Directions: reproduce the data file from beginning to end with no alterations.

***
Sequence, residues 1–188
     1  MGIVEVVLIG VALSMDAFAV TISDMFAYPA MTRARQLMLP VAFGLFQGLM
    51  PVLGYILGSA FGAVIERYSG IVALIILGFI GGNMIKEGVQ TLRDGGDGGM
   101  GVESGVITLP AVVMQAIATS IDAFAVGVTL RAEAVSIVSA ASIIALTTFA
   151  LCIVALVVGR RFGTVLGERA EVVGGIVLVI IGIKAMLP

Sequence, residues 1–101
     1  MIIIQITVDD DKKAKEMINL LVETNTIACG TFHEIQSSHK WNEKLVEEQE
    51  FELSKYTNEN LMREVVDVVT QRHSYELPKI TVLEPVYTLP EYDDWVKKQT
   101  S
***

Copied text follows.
Sequence, residues 1–188
     1  MGIVEVVLIG VALSMDAFAV TISDMFAYPA MTRARQLMLP VAFGLFQGLM
    51  PVLGYILGSA FGAVIERYSG IVALIILGFI GGNMIKEGVQ TLRDGGDGGM
   101  GVESGVITLP AVVMQAIATS IDAFAVGVTL RAEAVSIVSA ASIIALTTFA
   151  LCIVALVVGR RFGTVLGERA EVVGGIVLVI IGIKAMLP

Sequence, residues 1–101
     1  MIIIQITVDD DKKAKEMINL LVETNTIACG TFHEIQSSHK WNEKLVEEQE
    51  FELSKYTNEN LMREVVDVVT QRHSYELPKI TVLEPVYTLP EYDDWVKKQT
   101  S